So you want to know why Skype is abandoning its radical and cool peer-to-peer roots? Is it the big bad “Microsoft”? or the long fingers of the “NSA”? Nothing so sensational and something much more pragmatic. According to Skype Principle Architect, Matthew Kauffman, in a response on MarkMail, this big change is being forced by two very pragmatic technological items:
- Proliferation of mobile devices
- with no consistent bandwidth available to Skype app
- with no extra CPU cycles (due to battery constraints, etc)
- Bootstrapping “supernodes” after client bug induced failure far too risky
More on the mobile issue:
“Over the past few years, the number of Skype users who are using Skype from iOS-based phones and tablets, Android-based phones and tablets, Windows Phone-based phones, and Windows RT tablet devices has gone from a tiny percentage to a significant fraction of our user base. And these devices are a lot different: they're running on battery, sometimes on WiFi but often on expensive (both in money and battery) 2G or 3G data networks, and essentially "off" most of the time”
Here is an excerpt on the bootstrapping issue:
“…election winners were a monoculture of Windows desktop machines running the latest Windows Skype client. This proved to be a problem when not once, but twice a global Skype network outage was caused by a crashing bug in that client... bootstrapping the network back into existence afterwards was painful and lengthy…”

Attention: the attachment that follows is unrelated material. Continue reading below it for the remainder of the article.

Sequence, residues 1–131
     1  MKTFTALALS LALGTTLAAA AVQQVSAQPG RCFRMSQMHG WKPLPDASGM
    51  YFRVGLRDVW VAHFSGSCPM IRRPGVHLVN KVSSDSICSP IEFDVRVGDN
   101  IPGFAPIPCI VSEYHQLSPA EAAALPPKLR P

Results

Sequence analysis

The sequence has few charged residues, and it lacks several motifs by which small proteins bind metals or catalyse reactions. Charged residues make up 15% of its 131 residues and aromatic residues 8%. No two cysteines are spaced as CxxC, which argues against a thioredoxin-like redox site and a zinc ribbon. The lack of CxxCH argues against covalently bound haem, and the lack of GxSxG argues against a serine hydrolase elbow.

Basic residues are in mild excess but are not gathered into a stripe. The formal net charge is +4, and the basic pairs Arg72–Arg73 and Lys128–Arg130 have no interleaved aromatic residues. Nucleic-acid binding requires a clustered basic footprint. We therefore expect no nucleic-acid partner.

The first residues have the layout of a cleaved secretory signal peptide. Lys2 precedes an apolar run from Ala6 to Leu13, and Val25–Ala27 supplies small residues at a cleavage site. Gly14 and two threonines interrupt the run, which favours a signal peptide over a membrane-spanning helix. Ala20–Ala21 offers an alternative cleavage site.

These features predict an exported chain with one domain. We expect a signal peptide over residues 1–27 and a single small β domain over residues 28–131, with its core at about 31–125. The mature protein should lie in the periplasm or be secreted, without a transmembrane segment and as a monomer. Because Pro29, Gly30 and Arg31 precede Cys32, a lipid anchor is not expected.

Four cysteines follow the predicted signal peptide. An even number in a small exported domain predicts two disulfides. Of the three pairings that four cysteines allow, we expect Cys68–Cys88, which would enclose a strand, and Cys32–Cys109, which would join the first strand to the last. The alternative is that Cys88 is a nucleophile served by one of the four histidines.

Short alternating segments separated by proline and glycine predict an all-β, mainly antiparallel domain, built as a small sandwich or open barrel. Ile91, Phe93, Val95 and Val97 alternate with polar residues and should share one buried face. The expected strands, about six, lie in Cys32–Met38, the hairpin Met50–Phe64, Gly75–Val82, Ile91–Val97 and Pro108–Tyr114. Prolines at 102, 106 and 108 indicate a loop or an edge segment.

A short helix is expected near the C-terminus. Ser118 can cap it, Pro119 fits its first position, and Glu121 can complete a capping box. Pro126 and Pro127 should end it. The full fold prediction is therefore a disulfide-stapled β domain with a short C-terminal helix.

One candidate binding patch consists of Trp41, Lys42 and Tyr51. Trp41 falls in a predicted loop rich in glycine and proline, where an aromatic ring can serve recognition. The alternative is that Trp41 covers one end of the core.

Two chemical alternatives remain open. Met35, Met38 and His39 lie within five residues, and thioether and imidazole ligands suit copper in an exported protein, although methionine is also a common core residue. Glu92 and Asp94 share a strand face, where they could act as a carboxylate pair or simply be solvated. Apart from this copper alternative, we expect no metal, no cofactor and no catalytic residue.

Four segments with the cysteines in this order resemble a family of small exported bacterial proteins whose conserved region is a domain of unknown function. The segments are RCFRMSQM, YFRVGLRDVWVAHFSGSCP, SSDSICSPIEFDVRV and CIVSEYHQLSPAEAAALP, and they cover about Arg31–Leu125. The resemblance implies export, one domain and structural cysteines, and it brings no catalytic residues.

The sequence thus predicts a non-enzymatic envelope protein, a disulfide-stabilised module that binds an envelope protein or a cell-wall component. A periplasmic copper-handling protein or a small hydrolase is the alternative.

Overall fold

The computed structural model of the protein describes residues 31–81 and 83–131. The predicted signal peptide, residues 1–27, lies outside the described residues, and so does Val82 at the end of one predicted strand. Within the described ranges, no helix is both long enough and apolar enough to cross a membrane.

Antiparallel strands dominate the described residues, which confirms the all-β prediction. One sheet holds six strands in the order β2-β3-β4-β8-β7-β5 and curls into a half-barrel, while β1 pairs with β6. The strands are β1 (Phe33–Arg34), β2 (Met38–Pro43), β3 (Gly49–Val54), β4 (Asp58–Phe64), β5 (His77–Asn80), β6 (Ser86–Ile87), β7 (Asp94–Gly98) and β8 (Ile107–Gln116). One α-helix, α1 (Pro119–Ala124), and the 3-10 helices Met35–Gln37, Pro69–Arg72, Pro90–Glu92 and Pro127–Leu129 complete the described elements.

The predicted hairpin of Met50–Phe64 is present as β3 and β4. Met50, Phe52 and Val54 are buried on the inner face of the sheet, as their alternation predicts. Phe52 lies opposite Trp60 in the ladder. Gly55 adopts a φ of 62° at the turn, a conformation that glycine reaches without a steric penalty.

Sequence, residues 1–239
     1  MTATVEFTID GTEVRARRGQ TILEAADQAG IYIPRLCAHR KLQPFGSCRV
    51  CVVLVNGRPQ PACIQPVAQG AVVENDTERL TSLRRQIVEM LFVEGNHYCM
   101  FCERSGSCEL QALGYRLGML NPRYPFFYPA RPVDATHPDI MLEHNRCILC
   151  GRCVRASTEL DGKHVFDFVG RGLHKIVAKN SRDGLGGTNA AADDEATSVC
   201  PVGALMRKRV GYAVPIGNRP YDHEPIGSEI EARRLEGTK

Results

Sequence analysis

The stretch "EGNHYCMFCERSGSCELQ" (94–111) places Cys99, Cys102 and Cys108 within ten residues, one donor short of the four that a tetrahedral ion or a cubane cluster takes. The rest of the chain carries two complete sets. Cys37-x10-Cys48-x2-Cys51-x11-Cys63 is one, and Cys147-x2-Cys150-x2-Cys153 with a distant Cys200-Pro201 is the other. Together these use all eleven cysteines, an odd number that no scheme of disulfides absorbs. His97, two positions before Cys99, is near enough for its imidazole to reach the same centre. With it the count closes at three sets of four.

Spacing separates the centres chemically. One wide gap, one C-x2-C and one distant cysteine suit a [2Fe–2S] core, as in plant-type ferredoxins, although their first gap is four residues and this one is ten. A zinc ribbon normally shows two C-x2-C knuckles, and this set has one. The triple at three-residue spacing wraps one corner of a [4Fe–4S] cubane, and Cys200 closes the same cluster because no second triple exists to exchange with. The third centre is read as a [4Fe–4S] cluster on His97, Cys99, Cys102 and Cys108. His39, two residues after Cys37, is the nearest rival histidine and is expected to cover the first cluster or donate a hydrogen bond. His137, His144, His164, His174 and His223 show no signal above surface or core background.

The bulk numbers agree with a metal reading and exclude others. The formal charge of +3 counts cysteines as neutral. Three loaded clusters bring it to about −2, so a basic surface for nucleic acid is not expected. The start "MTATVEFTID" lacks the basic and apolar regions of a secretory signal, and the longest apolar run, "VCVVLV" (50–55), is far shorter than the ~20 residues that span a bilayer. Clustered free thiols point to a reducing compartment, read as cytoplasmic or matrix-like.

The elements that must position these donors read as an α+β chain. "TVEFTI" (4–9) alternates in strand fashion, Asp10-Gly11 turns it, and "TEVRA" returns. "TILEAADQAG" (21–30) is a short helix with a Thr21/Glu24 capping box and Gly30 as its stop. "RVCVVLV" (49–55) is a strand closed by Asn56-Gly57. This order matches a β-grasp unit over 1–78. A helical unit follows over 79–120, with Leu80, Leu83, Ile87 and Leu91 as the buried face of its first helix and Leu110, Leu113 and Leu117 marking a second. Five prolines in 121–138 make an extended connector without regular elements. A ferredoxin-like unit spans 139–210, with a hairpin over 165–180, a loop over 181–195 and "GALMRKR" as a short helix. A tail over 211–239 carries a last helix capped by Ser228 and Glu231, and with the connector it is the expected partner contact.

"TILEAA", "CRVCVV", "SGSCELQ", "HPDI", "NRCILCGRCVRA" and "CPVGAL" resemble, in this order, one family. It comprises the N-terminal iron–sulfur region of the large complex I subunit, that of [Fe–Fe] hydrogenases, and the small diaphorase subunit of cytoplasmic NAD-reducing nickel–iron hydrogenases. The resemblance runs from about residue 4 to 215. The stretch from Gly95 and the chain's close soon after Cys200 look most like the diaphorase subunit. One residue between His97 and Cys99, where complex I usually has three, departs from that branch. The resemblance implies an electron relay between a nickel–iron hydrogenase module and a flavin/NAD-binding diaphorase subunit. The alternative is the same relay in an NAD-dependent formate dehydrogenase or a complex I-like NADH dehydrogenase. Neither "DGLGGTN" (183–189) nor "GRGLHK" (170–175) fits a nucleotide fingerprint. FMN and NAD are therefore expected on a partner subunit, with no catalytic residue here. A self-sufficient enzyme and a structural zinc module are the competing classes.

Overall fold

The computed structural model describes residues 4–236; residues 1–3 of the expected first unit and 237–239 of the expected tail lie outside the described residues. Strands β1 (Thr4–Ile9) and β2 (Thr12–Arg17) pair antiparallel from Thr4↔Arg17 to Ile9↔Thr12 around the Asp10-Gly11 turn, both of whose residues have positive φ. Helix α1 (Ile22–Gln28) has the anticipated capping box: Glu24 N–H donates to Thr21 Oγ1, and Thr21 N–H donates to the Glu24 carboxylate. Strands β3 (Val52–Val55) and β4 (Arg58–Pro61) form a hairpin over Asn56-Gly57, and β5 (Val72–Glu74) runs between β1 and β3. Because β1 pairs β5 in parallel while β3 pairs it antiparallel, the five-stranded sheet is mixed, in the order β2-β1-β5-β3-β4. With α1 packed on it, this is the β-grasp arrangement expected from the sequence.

Another significant item that others have speculated (Mary Jo Foley, ARSTechnica, others) that Matthew Kauffman’s message verifies is that while Skype branding is replacing Live Messenger branding, it really is Live Messenger infrastructure replacing Skype “infastructure” in the background. Matthew Kauffman notes:
“…we have merged the Skype and Windows Messenger message delivery backend services, and this now gets you delivery of messages even when the recipient is offline…”
You can read the complete post here.
many some may be jumping to the conclusion that “Microsoft” is to blame for the big changes at Skype, is it really the mass migration to mobile devices we really have to blame? Does this mean Skype will have to change its name to Skyse? (Skype name came from Sky peer to peer. Is it now Sky Server? :-)
What ramifications does this have for new web/global scaled P2P WebRTC communication solutions?
[So, for all those worried about “Big Brother”: perhaps instead of a “1984” scenario (big brother intent on watching us), maybe is it more like a “Brave New World” reality? (our comfort & convenience effectively gives up privacy and individuality?…)]
via Tip from @evankirstel